There’s not many pubs in Cornwall that have a history steeped such as ours. The Earl of St Vincent dates back to the 17th Century, when it was built as a boarding house for the masons who constructed the village church. It was named after a former Admiral Sir John Jervis who sailed with Lord Nelson. Lovingly restored by the present owners, Anne and Edward Connolly, it is a most extraordinary pub hidden away in the old part of the tiny, picturesque village of Egloshayle, in beautiful North Cornwall.
Admiral Sir John Jervis, 1st Earl of St. Vincent
Admiral of the Fleet John Jervis, 1st Earl of St Vincent (9th January 1735 – 14th March 1823) was an admiral in the Royal Navy and Member of Parliament in the United Kingdom. Earl St Vincent served throughout the latter half of the 18th century and into the 19th, and was an active commander during the Seven Year’s War, American War of Independence, French Revolutionary War and the Napoleonic Wars. He is best known for his victory at the 1797 Battle of Cape Saint Vincent, from which he earned his titles, and as a patron of Horatio Nelson.
Jervis was also recognized by both political and military contemporaries as a fine administrator and naval reformer. As Commander-in-chief of the Mediterranean, between 1795 and 1799 he introduced a series of severe standing orders to avert mutiny. He applied those orders to both seamen and officers alike, a policy that made him a controversial figure. He took his disciplinarian system of command with him when he took command of the Channel Fleet in 1799. In 1801, as First Lord of the Admiralty he introduced a number of reforms that, though unpopular at the time, made the Navy more efficient and more self-sufficient. He introduced innovations including block making machinery at Portsmouth Royal Dockyard. St Vincent was known for his generosity to officers he considered worthy of reward and his swift and often harsh punishment of those to those he felt deserved it.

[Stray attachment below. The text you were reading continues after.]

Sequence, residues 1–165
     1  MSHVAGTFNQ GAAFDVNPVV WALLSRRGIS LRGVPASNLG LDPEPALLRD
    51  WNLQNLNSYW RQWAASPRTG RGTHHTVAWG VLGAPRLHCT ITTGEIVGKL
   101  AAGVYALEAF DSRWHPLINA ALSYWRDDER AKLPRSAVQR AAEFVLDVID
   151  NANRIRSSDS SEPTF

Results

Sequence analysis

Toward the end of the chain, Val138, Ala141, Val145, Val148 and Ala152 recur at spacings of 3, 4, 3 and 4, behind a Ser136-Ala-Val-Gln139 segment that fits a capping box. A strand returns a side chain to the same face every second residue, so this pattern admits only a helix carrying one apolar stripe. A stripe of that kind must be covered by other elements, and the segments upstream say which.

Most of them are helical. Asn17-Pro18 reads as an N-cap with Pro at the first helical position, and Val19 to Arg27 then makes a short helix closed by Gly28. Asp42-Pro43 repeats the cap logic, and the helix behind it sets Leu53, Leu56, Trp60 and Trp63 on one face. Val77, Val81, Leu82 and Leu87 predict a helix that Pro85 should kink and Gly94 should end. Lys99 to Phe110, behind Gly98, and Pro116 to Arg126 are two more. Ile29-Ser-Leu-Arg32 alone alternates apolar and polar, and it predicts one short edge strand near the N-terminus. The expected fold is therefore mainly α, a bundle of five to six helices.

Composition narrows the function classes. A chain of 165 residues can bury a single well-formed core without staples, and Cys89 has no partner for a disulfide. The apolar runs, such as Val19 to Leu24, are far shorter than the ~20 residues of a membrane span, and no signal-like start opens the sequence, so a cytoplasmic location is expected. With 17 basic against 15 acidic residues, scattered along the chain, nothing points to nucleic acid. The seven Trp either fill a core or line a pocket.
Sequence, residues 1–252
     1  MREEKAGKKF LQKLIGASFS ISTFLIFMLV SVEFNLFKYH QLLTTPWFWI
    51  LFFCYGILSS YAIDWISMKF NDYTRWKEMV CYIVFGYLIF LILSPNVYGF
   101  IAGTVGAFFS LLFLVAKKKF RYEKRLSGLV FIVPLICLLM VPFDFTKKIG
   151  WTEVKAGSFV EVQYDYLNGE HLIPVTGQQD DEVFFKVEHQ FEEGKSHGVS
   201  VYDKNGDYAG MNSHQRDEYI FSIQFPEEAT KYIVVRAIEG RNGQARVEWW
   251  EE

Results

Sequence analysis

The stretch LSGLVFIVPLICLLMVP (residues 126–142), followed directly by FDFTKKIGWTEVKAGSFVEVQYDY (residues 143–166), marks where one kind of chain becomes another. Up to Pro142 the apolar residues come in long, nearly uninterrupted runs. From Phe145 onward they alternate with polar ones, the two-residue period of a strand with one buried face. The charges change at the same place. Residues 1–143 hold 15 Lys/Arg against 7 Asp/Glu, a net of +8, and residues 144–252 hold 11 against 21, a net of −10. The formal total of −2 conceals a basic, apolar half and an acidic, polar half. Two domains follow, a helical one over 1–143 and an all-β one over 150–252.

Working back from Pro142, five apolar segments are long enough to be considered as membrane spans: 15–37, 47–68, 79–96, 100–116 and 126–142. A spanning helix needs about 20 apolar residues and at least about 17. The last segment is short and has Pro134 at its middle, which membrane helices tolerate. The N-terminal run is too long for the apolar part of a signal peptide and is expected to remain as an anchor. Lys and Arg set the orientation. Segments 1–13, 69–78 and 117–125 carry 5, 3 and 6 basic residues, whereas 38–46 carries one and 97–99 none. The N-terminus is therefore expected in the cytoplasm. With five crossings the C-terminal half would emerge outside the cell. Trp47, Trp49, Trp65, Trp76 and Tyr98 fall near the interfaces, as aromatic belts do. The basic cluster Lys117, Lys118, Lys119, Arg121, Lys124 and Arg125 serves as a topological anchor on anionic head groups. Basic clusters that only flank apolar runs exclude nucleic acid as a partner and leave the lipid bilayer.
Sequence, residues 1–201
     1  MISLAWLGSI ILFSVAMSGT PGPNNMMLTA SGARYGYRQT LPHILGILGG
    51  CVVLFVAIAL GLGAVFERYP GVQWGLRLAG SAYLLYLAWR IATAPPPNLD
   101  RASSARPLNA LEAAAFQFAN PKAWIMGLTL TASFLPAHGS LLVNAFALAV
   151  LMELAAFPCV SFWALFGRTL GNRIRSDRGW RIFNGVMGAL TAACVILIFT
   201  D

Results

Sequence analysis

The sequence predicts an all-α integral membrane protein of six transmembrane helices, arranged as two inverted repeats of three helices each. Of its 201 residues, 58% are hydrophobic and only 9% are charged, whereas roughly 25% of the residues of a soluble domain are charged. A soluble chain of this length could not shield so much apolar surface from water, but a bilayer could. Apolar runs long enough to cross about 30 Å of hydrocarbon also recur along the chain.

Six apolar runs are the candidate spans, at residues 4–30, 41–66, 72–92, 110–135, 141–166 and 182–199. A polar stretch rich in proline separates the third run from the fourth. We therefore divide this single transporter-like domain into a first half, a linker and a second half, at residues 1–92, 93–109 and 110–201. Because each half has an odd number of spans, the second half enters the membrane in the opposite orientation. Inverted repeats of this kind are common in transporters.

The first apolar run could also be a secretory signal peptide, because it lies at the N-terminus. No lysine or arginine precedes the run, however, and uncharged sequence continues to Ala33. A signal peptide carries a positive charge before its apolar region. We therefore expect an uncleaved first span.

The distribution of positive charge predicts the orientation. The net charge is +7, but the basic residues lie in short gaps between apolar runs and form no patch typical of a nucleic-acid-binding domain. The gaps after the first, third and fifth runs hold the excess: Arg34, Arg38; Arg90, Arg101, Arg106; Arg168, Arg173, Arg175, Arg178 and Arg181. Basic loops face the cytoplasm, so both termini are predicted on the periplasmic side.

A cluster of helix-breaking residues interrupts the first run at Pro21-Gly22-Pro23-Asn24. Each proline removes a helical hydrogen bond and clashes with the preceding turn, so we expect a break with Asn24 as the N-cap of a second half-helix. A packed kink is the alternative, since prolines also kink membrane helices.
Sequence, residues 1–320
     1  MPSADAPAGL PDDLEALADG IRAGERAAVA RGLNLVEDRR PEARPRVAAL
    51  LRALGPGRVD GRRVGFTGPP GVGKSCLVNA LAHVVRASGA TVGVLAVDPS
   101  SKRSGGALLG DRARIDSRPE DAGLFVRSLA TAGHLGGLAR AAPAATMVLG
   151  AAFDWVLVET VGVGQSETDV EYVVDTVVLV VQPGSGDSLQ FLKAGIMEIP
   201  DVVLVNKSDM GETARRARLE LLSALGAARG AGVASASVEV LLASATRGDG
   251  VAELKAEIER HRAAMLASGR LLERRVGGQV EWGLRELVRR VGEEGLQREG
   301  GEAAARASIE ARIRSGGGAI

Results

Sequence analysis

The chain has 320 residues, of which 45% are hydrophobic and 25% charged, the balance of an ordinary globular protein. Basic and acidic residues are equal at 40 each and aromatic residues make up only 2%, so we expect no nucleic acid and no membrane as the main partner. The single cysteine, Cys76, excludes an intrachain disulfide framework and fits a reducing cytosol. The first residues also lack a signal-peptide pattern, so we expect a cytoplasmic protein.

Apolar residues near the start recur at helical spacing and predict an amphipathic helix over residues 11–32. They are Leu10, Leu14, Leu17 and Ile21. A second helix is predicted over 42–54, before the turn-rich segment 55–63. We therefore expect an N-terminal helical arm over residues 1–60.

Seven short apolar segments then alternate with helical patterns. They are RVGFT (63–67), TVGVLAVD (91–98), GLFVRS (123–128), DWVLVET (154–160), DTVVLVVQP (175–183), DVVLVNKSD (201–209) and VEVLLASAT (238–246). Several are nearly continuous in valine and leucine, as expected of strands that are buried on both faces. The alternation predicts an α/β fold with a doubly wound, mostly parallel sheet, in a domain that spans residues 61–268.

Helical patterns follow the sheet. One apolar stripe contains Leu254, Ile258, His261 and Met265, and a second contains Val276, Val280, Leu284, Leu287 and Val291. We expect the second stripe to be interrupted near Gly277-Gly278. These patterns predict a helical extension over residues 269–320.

Jervis’ entry in the Oxford Dictionary of National Biograph by P. K. Crimmin describes his contribution to history: “His importance lies in his being the organiser of victories; the creator of well-equipped, highly efficient fleets; and in training a school of officers as professional, energetic, and devoted to the service as himself.”